Low-income people have suffered crushing debt, driver’s license suspension when they can’t pay tickets
For some low-income Californians, receiving even a minor traffic citation can trigger a downward financial spiral from which it’s almost impossible to recover.
Recently, several USC Gould law students in the Access to Justice Practicum course joined their professor, Clare Pastore, and a team of civil rights lawyers to work on reforming California’s system of saddling low-income people with crushing debt, and then punishing them by suspending driver’s licenses when they can’t pay.
Advocates including Pastore filed suit in August alleging that the Los Angeles County Superior Court unlawfully refers motorists to the Department of Motor Vehicles (DMV) for license suspension when they can’t afford to pay their traffic tickets. State law provides that only those who “willfully” fail to pay can suffer license suspension, but the court refers all nonpayers without any inquiry into willfulness.
A similar case was filed a few months earlier against a Northern California court, and advocates are working statewide on the issue. And this week, Pastore was among a coalition of legal aid and civil rights organizations who sued the DMV for illegally suspending the driver's licenses of low-income Californians.
“License suspension is intended as a tool to compel payment from scofflaws—those who can pay but do not,” Pastore said. “Instead, the DMV and the California courts are using it as punishment for poverty. This is both terrible public policy and a violation of law.”
The most recent suits were brought on behalf of drivers who have had their driver's licenses suspended in violation of their statutory, due process, and equal protection rights. Each plaintiff was unable to pay the high fines associated with routine traffic tickets, and had his or her license suspended without an assessment of their ability to pay. This ongoing practice is common in California traffic courts, and is not prevented by amnesty policies that went into place last year. The DMV estimates that more than 600,000 Californians have suspended driver's licenses for failure to pay or failure to appear.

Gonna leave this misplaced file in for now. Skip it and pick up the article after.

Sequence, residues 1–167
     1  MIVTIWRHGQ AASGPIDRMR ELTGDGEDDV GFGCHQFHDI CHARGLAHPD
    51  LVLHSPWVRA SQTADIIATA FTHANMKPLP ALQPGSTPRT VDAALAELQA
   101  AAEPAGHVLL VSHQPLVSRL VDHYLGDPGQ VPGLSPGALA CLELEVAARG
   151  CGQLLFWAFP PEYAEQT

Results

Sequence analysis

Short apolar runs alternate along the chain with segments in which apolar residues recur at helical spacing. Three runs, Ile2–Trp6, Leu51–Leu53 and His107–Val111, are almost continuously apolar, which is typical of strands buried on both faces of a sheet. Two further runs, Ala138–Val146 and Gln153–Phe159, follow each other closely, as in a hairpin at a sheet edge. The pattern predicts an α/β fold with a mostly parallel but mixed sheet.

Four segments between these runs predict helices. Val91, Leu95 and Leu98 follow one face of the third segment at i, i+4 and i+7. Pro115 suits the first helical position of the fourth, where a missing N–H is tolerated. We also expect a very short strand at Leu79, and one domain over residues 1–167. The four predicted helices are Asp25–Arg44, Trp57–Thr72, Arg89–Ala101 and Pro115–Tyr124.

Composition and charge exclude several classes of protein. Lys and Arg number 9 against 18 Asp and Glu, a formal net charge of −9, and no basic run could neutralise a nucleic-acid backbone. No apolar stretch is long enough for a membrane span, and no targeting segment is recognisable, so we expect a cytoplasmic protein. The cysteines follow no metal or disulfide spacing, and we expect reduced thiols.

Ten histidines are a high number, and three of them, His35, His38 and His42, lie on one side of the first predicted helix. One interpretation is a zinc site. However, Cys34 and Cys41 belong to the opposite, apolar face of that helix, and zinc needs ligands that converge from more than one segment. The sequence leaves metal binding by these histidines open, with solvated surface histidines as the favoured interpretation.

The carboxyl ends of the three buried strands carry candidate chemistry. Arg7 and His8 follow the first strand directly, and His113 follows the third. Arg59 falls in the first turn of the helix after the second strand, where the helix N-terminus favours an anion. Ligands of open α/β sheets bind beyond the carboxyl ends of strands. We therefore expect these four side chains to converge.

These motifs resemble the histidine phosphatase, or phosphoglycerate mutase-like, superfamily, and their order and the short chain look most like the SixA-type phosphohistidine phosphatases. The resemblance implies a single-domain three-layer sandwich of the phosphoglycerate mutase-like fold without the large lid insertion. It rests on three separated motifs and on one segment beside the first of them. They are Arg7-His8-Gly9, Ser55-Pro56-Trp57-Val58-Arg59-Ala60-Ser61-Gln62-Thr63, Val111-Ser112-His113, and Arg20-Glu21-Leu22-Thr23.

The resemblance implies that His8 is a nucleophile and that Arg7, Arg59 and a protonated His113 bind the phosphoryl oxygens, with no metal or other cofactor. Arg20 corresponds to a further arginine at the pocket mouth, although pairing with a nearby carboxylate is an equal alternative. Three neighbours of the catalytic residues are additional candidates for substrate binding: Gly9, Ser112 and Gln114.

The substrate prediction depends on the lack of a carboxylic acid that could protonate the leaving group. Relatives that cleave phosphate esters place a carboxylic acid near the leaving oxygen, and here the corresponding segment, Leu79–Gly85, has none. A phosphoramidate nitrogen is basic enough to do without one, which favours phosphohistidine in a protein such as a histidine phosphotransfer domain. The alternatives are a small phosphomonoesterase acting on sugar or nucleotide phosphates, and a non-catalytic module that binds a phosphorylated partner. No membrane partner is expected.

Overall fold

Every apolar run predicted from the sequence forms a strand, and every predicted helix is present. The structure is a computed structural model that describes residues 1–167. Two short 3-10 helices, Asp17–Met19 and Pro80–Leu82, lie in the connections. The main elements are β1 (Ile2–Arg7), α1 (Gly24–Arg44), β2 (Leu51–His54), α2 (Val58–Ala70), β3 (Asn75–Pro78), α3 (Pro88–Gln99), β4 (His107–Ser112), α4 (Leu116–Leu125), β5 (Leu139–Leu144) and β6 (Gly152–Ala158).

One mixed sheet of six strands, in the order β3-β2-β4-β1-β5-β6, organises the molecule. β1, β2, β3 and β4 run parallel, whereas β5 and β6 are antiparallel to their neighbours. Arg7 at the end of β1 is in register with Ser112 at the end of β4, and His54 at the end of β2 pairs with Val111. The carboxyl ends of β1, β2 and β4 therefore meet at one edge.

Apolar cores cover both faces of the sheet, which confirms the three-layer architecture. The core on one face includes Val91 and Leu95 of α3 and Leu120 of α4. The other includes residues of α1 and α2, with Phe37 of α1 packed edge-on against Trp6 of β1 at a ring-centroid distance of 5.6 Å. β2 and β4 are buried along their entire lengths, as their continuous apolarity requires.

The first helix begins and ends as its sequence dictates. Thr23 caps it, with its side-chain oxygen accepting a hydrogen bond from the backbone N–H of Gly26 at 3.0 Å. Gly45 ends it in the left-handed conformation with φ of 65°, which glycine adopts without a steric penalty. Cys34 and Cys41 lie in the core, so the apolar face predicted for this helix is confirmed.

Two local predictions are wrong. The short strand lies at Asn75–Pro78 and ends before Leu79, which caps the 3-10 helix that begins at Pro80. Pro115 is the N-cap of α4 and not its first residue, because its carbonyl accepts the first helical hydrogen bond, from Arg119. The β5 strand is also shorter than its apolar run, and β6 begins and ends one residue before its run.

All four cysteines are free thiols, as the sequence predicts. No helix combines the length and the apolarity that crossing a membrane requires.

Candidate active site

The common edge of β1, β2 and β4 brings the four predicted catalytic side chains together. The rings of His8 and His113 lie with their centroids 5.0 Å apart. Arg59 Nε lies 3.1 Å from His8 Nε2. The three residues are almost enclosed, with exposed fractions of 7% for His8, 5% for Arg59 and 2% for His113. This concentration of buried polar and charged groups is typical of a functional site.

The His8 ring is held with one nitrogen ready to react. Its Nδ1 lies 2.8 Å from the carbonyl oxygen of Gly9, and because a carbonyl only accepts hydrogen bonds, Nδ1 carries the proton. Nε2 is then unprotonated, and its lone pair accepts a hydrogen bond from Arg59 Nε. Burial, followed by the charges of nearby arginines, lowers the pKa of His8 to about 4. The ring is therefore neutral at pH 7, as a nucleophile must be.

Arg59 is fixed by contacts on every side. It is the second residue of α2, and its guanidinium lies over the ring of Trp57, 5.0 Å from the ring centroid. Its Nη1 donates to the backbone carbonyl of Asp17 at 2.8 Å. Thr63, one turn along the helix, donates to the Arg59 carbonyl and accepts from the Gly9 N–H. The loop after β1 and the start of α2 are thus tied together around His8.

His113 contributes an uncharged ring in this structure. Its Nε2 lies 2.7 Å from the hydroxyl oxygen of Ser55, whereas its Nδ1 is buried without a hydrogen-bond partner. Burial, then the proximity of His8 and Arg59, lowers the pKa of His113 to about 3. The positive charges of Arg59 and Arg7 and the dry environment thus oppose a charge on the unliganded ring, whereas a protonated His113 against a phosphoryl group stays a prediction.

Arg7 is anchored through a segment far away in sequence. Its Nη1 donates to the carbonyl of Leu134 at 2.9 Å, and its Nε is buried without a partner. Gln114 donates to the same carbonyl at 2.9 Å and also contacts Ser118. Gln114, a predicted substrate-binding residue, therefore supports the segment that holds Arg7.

"We are funding state services on the backs of some of the lowest-income Californians by piling on fine after fine, fee after fee, and penalty after penalty, on what used to be simple traffic violations with reasonable penalties. Then when people can't pay these exorbitant amounts, the court starts the license suspension process." Pastore said. “Not only is this terrible public policy—because without a driver’s license, many people lose their jobs and any ability to ever pay these gigantic fines—it is illegal under state law and the due process clause of the constitution."
Pastore first became involved in the issue in fall 2014 with Western Center on Law and Poverty lawyers Antionette Dozier and Richard Rothschild ‘75 who are among the plaintiffs’ lawyers. The case became a project in Pastore’s Access to Justice Practicum during the last two years. The Practicum class partners with nonprofit organizations to provide real-world legal experiences for law students and bring resources to systemic reform cases. Practicum projects over the years have included three foster care reform cases, the drafting of a wage theft bill, and amicus briefs in a variety of cases.
“It’s a lot of hard work and the students’ roles are important,” Pastore said.
In 2015, students Sierra Gronewold ’15 and Allison Fisher ’15 untangled a complicated legislative scheme, and prepared a thick binder of memos and materials still in use today by advocates around California. A year later, students Lisa Kim ’17 and Andres Cantero ’16 helped locate clients who needed assistance withnavigating the traffic amnesty process, and complet critical research for the litigation team.
After the 2016 Practicum, Kim continued on the case as Pastore’s research assistant during summer 2016.
“The most significant research involved pinning down the court’s process of suspending drivers licenses without first finding out if the person has the ability to pay or willfully did not pay,” Kim said. “We organized the documentation to unravel the statutes and codes so we had a better understanding of the legal argument and which parts are unlawful.”
Kim was also involved in Los Angeles clinics sponsored by Legal Aid and other nonprofits to assist people under the state’s temporary traffic amnesty program. She sees herself as a future public interest lawyer and will use her experiences to point her career in that direction.
“It was sad to meet people who can’t afford to pay the fines and who are struggling, yet their reality doesn’t propel the courts to help,” Kim said. “By doing my job, I can serve this population.”
Pastore added that she loves the enthusiasm her students have about courses and projects that connect them with social justice issues and allow them to help people without the resources to navigate the justice system.
“These cases have the potential to reform an extremely complex California system that is crushing tens of thousands of low income people and punishing them for their poverty.”